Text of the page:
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Bought these (retro) hardware today

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Reply 30220 of 32536, by VioletGiraffe

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GigAHerZ wrote:

The empty socket is for 387 co-processor. Not necessary, but optional.
For ram... Well, in the end, i have just tried out and then added sticker about the size on it. For me it has been quicker than to go through chips datasets and count together, what's the size...

First thing you want to do is to remove that barrel battery and replace it coin cell or other modern solution!

Thanks! Yep, that battery irks me, it's a miracle it hasn't leaked yet. Reading 1.6 volts across the leads, it's in best case seriously discharged,but likely just dead. Not sure yet what I'm going to replace it with as it's a Ni-Cd rechargeable and a somewhat inconvenient voltage to replace with something other than a similar Ni-Cd or Ni-MH. Maybe a small Li-Po.
Odd, I've searched for 80387 to see how it looks and pretty much all the pictures paint a chip with leads around its perimiter, not with an array of legs under the belly.
Did games of the era use floating-point math? I guess 3D ones could have. Would installing a 387 let me run something that a bare 386DX-40 can't?

jheronimus wrote:

It’s a fairly typical late 386 board with an integrated AMD 386DX40 CPU. The empty square slot is for an FPU, but there isn’t a lot of software that would benefit from that on a 386.
386 boards don’t have a lot of documentation online, so at best you can find jumper settings. However, boards like this don’t have many settings (since you can’t change the CPU), so you don’t really need that. Also most jumpers should be described on the board itself. Look for silkscreened text.

Fair enough, makes sense, thanks. So far I've only noticed the table for setting CPU frequency with jumpers, but I don't think the board has too many jumpers either. I vaguely recall reading something about having to configure IRQs with jumpers so I wanted to have the manual for that case, but I don't know if this hurdle applies to this particular mobo.

Last edited by VioletGiraffe on 2019-09-10, 20:03. Edited 1 time in total.

Reply 30221 of 32536, by derSammler

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VioletGiraffe wrote:

Did games of the era use floating-point math? I guess 3D ones could have. Would installing a 387 let me run something that a bare 386DX-40 can't?

No. First games to require an FPU came up in the Pentium era. Quake 1 was probably the first not to run without an FPU.

SimCity is said to use the FPU if present, but does not require it. There also was Falcon 3.0 which offered a more realistic flight model if an FPU is present. But that's it really for pre-Pentium games.

http://retro-net.de/blog.html

Reply 30222 of 32536, by imi

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derSammler wrote:

Seeing the ebay pictures, that unit is really done. For that price, I could have sold you an SC-155 in better condition.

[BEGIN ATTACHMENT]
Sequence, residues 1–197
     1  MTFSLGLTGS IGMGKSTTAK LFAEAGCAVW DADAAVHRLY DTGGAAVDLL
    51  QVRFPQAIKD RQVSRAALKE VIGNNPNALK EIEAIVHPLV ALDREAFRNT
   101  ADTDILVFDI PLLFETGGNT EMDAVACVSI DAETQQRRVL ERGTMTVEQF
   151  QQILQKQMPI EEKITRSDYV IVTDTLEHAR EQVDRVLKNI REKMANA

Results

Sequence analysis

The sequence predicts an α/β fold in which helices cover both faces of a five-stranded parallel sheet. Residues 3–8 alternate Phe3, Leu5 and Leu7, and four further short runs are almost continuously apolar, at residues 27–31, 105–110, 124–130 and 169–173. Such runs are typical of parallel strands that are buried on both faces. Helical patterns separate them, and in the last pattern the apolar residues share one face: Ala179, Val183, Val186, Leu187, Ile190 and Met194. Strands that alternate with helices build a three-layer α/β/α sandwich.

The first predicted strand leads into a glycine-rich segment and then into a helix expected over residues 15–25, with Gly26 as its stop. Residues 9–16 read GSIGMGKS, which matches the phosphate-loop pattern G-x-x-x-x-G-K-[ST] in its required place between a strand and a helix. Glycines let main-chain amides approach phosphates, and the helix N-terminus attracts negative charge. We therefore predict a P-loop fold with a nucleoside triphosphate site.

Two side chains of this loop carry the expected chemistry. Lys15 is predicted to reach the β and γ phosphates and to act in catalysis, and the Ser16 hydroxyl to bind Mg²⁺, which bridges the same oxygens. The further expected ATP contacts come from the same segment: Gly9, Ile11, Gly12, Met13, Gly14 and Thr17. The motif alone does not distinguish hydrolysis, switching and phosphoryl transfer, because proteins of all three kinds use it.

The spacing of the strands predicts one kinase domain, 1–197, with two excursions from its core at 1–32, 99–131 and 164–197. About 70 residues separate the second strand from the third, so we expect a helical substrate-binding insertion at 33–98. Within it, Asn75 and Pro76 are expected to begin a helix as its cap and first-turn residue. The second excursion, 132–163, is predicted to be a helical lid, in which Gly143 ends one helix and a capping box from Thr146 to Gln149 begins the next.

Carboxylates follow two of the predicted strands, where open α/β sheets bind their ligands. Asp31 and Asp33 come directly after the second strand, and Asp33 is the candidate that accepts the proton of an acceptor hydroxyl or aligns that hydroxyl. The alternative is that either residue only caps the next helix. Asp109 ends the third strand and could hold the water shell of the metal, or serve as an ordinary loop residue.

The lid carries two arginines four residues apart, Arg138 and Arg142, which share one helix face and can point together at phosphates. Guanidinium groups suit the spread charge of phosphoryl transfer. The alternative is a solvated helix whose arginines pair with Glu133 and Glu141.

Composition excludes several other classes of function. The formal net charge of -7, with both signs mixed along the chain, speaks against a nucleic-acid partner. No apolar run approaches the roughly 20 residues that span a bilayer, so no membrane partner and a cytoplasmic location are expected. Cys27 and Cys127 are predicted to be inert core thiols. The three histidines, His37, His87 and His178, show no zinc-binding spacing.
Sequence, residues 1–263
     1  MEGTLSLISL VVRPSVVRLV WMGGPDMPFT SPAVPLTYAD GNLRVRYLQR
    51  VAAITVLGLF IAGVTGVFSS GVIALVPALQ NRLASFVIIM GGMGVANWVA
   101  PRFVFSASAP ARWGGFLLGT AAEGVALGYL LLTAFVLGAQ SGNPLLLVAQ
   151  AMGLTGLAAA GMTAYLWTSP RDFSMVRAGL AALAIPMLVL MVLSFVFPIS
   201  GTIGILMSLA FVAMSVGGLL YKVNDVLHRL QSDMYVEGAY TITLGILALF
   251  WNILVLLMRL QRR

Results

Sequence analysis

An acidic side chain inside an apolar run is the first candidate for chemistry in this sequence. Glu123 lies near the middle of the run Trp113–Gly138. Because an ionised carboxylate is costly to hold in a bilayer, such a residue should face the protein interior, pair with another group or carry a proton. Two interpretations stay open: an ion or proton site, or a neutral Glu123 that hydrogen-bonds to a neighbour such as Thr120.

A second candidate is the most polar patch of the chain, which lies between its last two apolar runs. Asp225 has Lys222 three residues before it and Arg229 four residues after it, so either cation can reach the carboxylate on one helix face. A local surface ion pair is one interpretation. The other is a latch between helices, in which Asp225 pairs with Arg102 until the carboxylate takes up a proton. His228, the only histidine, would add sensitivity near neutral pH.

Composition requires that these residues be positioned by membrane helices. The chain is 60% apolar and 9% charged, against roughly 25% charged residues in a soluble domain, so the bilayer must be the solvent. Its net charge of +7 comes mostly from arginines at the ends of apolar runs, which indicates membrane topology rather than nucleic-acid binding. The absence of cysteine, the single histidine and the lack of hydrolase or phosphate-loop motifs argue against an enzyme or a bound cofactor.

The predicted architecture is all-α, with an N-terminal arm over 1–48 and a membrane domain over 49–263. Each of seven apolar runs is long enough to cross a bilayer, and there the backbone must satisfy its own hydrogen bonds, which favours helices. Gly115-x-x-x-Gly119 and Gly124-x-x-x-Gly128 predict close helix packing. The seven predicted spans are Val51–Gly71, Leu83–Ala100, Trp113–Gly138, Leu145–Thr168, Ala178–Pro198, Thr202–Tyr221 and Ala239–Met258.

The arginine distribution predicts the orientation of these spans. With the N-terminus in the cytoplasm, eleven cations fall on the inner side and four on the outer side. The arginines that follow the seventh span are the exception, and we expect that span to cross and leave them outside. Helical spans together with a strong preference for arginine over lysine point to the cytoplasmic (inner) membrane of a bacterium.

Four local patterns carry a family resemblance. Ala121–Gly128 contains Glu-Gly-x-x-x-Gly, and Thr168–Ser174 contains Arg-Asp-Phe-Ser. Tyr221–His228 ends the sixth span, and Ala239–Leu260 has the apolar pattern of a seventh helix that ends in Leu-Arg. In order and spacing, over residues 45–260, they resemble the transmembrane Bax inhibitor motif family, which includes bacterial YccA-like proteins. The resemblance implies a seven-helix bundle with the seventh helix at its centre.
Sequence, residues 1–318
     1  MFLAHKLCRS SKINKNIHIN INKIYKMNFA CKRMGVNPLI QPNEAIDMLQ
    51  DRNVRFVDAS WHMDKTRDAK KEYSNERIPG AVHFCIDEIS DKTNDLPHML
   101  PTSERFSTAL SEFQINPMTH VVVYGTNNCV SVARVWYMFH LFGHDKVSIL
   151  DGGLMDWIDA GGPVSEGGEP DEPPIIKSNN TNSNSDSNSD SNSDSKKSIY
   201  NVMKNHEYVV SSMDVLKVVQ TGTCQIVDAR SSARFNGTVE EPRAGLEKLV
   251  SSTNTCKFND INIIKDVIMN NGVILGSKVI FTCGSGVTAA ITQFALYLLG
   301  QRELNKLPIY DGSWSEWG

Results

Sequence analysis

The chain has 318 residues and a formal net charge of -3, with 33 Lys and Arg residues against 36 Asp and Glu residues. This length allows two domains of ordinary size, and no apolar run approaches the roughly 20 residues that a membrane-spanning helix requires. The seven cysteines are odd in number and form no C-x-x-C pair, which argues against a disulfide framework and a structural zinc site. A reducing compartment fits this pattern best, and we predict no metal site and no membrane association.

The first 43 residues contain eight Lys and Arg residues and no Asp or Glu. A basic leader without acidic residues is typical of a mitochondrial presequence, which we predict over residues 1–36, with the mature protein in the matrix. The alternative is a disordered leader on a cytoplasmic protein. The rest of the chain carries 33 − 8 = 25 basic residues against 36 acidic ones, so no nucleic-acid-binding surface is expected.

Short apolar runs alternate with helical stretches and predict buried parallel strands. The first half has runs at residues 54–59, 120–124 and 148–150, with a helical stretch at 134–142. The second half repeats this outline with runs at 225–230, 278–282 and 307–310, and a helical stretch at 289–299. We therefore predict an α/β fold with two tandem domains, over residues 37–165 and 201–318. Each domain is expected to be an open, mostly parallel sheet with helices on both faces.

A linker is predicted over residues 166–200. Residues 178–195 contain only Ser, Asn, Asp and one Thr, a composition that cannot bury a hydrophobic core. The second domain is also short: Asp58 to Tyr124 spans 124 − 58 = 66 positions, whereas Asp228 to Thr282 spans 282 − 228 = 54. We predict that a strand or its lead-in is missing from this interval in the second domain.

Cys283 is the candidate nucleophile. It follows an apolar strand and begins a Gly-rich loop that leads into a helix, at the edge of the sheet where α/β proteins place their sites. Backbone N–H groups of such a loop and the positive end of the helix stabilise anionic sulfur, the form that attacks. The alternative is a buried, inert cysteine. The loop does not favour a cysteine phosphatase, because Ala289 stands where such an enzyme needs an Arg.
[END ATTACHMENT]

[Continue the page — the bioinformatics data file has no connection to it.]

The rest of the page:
hmm? I don't really see anything wrong with it apart from some yellowing, which is normal I guess if it was exposed to the sun.

Reply 30223 of 32536, by Thermalwrong

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A few weeks ago I bought some corroded motherboards from someone local that I've bought from before. There was a 386 board, a 486 board and a 286 board. The idea was to get the 486 board up and running, but that one has a keyboard controller problem and I've put it away for now.
In the lot was a 386 DX 40 motherboard with no cache, I can't identify it but I can kind of work out what's what on there. It for some reason uses a DS1287, which wasn't present at all and the socket for it was damaged. It didn't boot and just went through a couple of post codes very slowly, eventually just doing nothing.

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I reinstalled a socket for the DS1287 and ordered some DS1287s from a chinese seller - once they arrived, I plugged it all in and now the board boots! Hooray!
I had to resolder some traces for the keyboard and it doesn't seem to work with one of my PS/2 keyboards, but it works with the Cherry keyboard so that's okay.

Except it can't keep BIOS settings, it won't use an external battery when I plug it into what I think is the battery header. These DS1287 modules have date codes of 1990 and 1992, apparently down to 0.2 and 0.6 volts respectively.
Thankfully I have a dremel and there are lots of YouTube videos showing how to cut into the DS1287 to put on a coin cell holder:

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My test setup with the upgraded DS1287 fitted:

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Now the keyboard, disk controller, mouse, sound, video all work, excellent 😁

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Does anyone know what board this is? I'm wondering what the SLC1 socket could be for and what some of the jumper settings are

Reply 30224 of 32536, by bjwil1991